SOMEONE asked me the other day what I remember most about Mal Waterhouse.
That's easy ... his cheeky sideways grin he would throw at me every morning.
It was that grin and a "Here's that lovely lady from The Courier", followed by "I must thank your mother for having you", that greeted this then fresh-faced journalist at the courtroom door of the former Ballarat Courthouse building in Camp Street on almost a daily basis in the mid-to-late-1980s.
The first time I met Mal was late 1986, only months after moving to Ballarat on the completion of my cadetship in Mildura.
Like most journalists back then, I was handed a notebook and pen and was told "you have to cover court today".
This was a daunting task for someone so young and inexperienced at court reporting, but it was a task I could quite easily have failed if it wasn't for Mal Waterhouse.
It was Mal, the Victoria Police reservist, who taught me - and, I suspect many other Courier journalists - the dos and don'ts of courtroom etiquette, like when to stand and sit, when to bow to the magistrate and, most importantly, to never, ever chew gum in the courtroom.
It was also Mal who was there to help me out with names of magistrates, names of lawyers and prosecutors and, again, most importantly, names of the accused. For it was Mal, who, armed with a list of defendants to appear that day, had the task of yelling into the foyer of waiting people the name of the next defendant to front the magistrate. Mal got me out of a pickle on many occasions when I didn't quite hear the name of the defendant standing in the docks.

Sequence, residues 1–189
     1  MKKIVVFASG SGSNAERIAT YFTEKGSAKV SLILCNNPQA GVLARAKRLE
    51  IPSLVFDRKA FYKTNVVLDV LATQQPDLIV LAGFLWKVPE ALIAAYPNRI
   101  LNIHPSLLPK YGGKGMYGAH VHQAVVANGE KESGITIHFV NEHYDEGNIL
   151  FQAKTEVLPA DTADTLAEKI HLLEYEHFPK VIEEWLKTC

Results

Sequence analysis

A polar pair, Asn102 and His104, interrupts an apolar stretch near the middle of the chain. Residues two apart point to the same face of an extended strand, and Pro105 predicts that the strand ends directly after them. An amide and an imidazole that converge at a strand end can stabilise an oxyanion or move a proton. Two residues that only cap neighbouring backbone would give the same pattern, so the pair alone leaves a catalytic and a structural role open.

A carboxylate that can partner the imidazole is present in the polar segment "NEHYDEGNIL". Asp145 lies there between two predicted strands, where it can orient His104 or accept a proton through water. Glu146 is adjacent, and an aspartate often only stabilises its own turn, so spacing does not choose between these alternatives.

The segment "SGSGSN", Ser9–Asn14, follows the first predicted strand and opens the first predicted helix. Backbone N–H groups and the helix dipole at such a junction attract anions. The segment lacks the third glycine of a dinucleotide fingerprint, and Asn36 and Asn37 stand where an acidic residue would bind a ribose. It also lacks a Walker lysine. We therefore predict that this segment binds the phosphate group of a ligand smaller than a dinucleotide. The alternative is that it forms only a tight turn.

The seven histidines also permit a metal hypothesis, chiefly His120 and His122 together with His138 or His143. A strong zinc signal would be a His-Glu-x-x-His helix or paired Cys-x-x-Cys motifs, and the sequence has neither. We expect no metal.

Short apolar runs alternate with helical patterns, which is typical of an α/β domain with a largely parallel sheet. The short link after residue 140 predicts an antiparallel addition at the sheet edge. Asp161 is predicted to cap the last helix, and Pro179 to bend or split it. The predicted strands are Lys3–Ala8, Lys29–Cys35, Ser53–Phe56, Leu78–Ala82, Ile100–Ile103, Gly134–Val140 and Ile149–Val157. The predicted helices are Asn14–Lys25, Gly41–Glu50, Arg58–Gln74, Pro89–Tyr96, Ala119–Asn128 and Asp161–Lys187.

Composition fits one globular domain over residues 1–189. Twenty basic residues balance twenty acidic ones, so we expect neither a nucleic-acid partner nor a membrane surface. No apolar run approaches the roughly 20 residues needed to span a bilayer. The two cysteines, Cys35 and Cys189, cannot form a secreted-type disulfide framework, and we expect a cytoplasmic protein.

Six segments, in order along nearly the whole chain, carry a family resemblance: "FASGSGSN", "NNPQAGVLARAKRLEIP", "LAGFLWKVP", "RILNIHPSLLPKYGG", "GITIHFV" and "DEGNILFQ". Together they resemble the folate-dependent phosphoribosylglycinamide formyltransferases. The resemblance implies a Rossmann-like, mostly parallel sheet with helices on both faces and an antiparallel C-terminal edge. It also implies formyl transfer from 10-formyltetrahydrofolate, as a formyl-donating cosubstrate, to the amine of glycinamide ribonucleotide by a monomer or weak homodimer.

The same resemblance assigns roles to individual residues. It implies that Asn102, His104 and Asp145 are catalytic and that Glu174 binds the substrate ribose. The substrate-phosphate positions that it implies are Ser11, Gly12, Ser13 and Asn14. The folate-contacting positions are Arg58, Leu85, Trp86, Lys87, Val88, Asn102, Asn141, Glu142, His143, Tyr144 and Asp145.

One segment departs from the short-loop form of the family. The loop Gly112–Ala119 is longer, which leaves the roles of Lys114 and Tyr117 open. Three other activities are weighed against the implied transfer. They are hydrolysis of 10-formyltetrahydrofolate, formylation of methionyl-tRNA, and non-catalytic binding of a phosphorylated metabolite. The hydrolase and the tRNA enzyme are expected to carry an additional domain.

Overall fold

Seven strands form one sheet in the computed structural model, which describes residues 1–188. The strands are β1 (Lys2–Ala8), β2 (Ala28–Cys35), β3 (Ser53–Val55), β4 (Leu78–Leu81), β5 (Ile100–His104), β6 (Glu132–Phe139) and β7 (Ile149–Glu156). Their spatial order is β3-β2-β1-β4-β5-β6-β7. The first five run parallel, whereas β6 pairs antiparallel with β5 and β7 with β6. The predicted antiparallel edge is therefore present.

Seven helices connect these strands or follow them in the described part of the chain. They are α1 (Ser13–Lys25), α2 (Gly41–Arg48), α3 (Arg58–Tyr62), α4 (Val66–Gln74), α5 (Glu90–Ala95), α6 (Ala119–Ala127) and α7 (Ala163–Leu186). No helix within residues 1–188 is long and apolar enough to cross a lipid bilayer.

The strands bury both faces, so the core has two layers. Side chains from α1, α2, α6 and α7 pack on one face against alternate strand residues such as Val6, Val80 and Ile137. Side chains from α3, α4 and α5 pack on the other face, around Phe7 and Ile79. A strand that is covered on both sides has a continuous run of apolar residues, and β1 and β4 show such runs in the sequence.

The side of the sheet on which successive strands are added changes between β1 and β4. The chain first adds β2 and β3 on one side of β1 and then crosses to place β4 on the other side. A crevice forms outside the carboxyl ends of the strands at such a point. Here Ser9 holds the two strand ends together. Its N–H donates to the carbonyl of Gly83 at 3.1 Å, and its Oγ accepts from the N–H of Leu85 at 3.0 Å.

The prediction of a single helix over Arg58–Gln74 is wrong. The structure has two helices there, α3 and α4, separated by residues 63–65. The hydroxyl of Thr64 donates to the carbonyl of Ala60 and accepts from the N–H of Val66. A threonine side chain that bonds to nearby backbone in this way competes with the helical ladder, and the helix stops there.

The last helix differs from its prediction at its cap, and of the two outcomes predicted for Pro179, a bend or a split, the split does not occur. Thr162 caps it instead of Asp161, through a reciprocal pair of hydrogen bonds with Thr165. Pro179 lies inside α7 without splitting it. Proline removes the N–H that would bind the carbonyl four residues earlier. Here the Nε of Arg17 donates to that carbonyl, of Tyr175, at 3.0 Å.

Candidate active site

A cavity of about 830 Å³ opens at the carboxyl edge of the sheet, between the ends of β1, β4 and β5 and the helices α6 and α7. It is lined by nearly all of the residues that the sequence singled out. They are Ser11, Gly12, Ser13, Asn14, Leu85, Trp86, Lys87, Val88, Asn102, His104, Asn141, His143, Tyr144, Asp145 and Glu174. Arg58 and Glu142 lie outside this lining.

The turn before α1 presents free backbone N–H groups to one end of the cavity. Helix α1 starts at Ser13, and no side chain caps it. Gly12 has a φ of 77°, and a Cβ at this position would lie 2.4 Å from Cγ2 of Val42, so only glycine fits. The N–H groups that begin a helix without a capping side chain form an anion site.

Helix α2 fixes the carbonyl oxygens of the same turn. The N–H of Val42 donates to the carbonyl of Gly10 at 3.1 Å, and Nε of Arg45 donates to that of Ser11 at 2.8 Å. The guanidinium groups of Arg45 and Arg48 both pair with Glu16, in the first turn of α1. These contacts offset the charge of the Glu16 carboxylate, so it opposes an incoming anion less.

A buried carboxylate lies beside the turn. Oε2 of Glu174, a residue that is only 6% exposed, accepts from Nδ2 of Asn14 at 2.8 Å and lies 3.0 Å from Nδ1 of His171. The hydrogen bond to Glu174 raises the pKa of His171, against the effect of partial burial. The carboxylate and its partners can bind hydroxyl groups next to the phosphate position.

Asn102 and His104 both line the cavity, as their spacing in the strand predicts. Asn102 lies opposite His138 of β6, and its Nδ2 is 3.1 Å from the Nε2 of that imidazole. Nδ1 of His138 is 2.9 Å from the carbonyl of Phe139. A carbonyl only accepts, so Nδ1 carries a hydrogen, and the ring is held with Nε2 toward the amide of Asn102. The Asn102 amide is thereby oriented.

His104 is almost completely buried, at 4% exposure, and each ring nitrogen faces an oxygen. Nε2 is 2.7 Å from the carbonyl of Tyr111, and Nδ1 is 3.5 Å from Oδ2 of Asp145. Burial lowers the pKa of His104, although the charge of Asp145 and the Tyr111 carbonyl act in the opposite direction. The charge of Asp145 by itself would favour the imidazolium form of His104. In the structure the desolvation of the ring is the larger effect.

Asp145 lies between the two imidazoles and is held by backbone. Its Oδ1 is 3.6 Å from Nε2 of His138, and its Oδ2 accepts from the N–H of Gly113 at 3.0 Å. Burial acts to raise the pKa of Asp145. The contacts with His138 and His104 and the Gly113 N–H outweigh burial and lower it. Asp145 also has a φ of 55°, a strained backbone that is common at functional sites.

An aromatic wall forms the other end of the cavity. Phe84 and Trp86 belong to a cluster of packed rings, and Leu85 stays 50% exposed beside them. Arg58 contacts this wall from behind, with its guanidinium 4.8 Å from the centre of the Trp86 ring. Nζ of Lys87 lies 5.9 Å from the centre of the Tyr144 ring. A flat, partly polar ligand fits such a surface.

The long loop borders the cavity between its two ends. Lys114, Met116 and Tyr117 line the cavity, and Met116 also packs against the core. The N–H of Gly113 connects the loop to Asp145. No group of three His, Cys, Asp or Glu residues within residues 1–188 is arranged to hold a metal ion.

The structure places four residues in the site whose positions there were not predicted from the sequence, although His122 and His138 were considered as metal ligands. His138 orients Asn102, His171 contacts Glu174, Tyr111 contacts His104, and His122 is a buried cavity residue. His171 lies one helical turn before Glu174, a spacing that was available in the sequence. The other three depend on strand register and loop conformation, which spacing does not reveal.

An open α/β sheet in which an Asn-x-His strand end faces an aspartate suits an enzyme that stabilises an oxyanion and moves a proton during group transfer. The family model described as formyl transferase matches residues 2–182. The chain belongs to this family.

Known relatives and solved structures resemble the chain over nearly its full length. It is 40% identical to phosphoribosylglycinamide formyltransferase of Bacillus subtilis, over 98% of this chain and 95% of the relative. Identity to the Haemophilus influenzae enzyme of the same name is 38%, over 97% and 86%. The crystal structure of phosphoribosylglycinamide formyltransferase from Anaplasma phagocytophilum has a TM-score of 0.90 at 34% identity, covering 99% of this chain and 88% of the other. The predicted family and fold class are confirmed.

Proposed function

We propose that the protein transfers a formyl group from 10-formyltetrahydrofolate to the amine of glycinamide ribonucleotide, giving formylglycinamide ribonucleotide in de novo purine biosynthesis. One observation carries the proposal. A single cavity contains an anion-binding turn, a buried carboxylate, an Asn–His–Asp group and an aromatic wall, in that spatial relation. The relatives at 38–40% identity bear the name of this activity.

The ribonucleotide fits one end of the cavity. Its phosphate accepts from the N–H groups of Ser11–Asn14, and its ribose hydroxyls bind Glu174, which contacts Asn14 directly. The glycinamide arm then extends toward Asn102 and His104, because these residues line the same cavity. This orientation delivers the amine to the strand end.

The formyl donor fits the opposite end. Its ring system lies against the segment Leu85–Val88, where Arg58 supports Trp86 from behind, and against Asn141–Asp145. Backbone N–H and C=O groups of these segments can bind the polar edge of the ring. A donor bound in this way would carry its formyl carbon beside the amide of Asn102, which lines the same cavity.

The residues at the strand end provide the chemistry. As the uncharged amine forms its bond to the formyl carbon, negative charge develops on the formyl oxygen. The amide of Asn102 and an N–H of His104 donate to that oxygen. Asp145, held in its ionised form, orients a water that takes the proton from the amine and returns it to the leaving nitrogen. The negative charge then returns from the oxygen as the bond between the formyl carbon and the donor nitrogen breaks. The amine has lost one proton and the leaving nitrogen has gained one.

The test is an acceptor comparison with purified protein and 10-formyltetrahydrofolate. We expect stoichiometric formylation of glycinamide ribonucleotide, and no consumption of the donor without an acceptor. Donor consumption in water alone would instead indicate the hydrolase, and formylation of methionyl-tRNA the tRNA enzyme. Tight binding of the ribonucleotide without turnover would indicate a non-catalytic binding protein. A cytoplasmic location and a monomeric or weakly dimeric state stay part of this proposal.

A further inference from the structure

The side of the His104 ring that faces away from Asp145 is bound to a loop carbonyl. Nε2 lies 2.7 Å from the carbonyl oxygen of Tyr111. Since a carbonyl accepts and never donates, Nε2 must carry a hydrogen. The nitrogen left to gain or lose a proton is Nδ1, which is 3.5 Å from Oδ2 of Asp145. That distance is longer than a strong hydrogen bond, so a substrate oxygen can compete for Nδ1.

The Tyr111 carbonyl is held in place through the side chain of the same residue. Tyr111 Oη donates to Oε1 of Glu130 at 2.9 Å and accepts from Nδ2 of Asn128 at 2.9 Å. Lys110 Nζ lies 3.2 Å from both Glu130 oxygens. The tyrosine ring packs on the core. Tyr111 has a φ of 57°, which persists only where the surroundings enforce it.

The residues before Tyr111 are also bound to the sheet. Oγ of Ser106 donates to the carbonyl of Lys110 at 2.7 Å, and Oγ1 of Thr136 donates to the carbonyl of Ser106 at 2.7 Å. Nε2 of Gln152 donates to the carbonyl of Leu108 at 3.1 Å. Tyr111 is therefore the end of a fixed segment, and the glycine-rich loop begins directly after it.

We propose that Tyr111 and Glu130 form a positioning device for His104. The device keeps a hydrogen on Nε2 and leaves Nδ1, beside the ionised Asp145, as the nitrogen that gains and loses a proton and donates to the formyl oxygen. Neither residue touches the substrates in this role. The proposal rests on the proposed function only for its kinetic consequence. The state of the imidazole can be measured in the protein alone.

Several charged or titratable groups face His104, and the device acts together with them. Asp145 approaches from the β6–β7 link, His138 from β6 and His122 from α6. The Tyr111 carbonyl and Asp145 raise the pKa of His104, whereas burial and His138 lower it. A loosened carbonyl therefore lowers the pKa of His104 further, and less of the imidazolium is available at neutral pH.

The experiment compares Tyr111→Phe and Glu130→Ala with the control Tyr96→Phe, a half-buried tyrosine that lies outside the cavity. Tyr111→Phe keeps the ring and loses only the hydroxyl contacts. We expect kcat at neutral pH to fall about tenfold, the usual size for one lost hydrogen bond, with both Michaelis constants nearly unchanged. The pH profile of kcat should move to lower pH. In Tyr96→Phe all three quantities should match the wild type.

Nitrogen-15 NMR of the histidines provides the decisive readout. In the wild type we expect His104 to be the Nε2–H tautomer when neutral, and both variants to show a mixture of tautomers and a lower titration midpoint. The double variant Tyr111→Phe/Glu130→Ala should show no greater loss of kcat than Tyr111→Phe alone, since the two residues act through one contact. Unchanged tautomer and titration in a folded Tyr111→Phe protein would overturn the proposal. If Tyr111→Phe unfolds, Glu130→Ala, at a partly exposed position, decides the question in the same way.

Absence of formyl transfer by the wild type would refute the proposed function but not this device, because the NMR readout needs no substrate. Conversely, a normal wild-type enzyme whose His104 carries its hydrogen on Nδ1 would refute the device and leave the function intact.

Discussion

But, to this day I've wondered how Mal actually remembered which case was coming up next, because, I suspect, he was using the minutes and sometimes hours while each case was being heard to have a snooze on his trusty stool at the courtroom door. Maybe he was listening to the proceedings ... while his arms were folded, his head was bowed and his eyes were shut.
But, to his credit, after the magistrate's associate called "Next case", Mal "seemed" to be on the ball.
On a more serious note, I also remember Mal Waterhouse as a man of strong integrity and honesty, a person who would never judge and who would always have kind words to say.
I attended Mal's funeral at St Peter's Church yesterday. It was a true celebration of Mal's life as a loving husband to Bev, as a devoted father to Petrina, Sandra and Peter, as a doting grandfather, as a proud Victoria Police member, as a person who suffered Parkinson's Disease, but most of all, as a mate.
As a final farewell to this man I was privileged to know, I think it should be us, his family, his friends, his colleagues and the entire Ballarat community, who should be thanking Mal's mother for having him.
Rest in peace, you lovely guy from the law courts.